On Oct. 4, Jacob Gelman ’25 left the Duke University School of Law admissions information session with the same confusion he had brought with him.
After an hour of listening to admissions officers detail the school’s application cycle, requirements, strategies and more, Gelman still did not find the answer to his most pressing question: Will taking classes Satisfactory/No Credit penalize him in the law school admissions process?
“I’ve heard from other pre-law students that taking courses S/NC can sometimes stunt your application,” he said. “I know there’s a huge emphasis placed on (grade point average) in this process, and no one has been able to answer if (S/NC) will cause problems or not.”
Gelman shared that he is reluctant to take courses S/NC because of his law school aspirations, even though the University’s unique curriculum and grading system were a primary motivation for his enrollment.
“I fell in love with Brown’s encouragement of academic curiosity, and now I feel a bit worried that I’m stifling it for myself,” Gelman said.
Alexandra Herrera ’23, another student interested in law school who previously wrote for -post, also said the University’s unusual flexibility drew her to enroll, but she does not share the same inhibitions regarding taking courses S/NC.
“I’ve heard some people say you shouldn’t take anything within your concentration S/NC,” she said. “But the point of the Open Curriculum is to explore, and (taking classes S/NC) is just applying the Brown philosophy. That’s why you came here.”
Herrera explained that she utilized the S/NC grading option during her first two years to explore her initial interest in law but has since taken fewer courses S/NC.
“I do feel more inclined to take classes for a grade now,” she said. “But that’s because I’m exploring less since I’m a senior, not because of concerns regarding S/NC and law school.”
Ben Thornton ’24 also tends to take classes for a grade but is not intimidated by S/NC ambiguity.
“I take my classes for a grade because, in my experience, that has pushed me the most as a learner and is the grading system that I thrive the most in,” he said. “But I’m not worried about how taking a class S/NC will look for law school.”
Thornton explained that getting the most out of the undergraduate learning experience is a top priority for him and that graduate school hypotheticals are not his main concern.
“At a place like Brown where you have this Open Curriculum and are designing your own schedule and grading system, I think setting up a system that works best for you should be at the forefront of those decisions,” he said.
“I do think ABC grades show more about a student’s performance versus S/NC, just objectively looking at the numbers,” Thornton added. “It’s a more accurate and precise indication, … so it makes sense to put more stock into ABC grades. Admissions officers making decisions with more precise data is a justified thing to do.”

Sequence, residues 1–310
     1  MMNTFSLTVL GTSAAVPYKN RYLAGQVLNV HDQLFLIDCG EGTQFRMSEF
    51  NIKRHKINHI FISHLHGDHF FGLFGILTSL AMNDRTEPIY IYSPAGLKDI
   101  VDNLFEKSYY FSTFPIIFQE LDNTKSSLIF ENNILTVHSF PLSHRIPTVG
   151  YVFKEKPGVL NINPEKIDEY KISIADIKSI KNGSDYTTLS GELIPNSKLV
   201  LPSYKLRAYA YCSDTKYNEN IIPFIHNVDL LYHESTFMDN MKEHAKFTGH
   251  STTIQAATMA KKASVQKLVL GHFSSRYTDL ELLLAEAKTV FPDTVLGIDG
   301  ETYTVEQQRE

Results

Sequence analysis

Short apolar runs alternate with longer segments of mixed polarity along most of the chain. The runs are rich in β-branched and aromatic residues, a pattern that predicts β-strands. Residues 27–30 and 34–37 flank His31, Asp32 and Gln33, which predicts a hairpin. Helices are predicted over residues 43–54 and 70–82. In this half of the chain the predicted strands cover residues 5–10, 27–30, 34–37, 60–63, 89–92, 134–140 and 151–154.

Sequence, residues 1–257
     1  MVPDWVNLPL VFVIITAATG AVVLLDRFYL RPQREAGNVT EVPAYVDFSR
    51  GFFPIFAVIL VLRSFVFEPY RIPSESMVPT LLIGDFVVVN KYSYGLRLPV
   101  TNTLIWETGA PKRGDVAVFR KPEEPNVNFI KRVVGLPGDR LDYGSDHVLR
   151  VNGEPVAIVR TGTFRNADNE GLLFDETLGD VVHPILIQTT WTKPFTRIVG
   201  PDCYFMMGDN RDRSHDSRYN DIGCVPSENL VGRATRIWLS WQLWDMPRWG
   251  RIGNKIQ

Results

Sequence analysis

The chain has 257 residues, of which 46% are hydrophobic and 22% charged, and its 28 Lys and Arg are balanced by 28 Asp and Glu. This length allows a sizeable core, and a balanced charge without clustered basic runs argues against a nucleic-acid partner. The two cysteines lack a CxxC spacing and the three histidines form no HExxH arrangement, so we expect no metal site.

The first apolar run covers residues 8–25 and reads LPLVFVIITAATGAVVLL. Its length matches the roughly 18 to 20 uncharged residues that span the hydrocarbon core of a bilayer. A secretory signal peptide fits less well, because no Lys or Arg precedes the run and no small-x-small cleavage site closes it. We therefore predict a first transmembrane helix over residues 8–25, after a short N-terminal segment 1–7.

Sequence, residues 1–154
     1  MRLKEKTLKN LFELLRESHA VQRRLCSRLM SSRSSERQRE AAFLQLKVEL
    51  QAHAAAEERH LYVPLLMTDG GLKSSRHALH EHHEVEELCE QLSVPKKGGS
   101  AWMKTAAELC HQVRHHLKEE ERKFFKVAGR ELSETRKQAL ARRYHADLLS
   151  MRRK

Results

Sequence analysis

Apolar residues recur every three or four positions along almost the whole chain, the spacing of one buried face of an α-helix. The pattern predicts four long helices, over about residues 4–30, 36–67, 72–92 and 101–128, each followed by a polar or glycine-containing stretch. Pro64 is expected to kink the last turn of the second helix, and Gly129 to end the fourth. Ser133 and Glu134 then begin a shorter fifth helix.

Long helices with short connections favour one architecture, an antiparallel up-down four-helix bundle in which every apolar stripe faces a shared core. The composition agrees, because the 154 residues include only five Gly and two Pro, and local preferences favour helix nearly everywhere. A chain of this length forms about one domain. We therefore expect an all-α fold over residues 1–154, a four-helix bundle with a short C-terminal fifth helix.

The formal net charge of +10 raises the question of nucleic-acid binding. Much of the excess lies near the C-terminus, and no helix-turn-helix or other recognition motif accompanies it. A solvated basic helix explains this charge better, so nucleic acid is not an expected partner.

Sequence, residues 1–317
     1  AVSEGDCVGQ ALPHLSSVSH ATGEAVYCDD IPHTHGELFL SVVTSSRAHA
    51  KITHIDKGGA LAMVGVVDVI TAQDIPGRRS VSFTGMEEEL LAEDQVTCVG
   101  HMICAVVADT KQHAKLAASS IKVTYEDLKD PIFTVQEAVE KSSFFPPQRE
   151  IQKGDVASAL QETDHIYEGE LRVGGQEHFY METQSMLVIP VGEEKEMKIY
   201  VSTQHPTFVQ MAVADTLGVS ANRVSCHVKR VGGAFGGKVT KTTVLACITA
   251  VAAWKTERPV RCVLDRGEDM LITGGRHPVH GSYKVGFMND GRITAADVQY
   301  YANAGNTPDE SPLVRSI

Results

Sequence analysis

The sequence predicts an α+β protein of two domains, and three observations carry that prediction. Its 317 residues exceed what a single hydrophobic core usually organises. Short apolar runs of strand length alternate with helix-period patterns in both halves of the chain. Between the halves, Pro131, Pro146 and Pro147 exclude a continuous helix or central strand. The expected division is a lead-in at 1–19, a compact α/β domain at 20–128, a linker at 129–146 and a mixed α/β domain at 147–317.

The University’s pre-law advising team — composed of Ari Gabinet, senior fellow in international and public affairs; Lindsay Garcia, assistant dean of the college for junior/senior studies and recovery and substance-free student initiatives; and Betsy Shimberg, senior associate dean of the college for co-curricular and experiential learning — echoed the importance of grades as indicators of academic capability in an email to The Herald.
“We recommend that students be judicious in selecting the S/NC grading option,” they wrote. “Taking all or a majority of classes S/NC does not produce a comprehensive picture of an applicant’s readiness for graduate-level work.”
Despite their acknowledgement of the significance placed on grades in the law school admissions process, the University’s pre-law advising team wrote that there is no “reliable data” from law schools that would allow them to say that “this many S/NC choices is OK; that many is not.”
The team wrote that they encourage undergraduates to take advantage of the University’s unique curricular and grading setup, advocating for academic curiosity and exploration with the usage of whatever grading system makes the most sense for each individual student.
“Academic excellence and rigor are important in law school admissions but so are imagination, creativity, integrity and individuality,” they wrote. “The S/NC option is intended to allow students to use the Open Curriculum without excessive risk to (their) transcript.”
Ultimately, the pre-law advising team wrote that they hope students pursue their academic interests freely and without inhibitions stemming from the fear of penalization in law school admissions.
“Good grades and a good LSAT are important, but the law school admissions process is far more nuanced than just plugging statistics into an algorithm,” they wrote. “There are too many factors involved to have a one-size-fits-all solution for every student.”
“Judicious use of the S/NC option is consistent with the fundamental aspect of the Brown education,” they wrote. “Used in that way, (the grading option) can suggest the kind of creativity and intellectual curiosity that makes good law students and great lawyers.”
Sofia Barnett is a University News editor overseeing the faculty and higher education beat. She is a sophomore from Texas studying history, politics and nonfiction writing.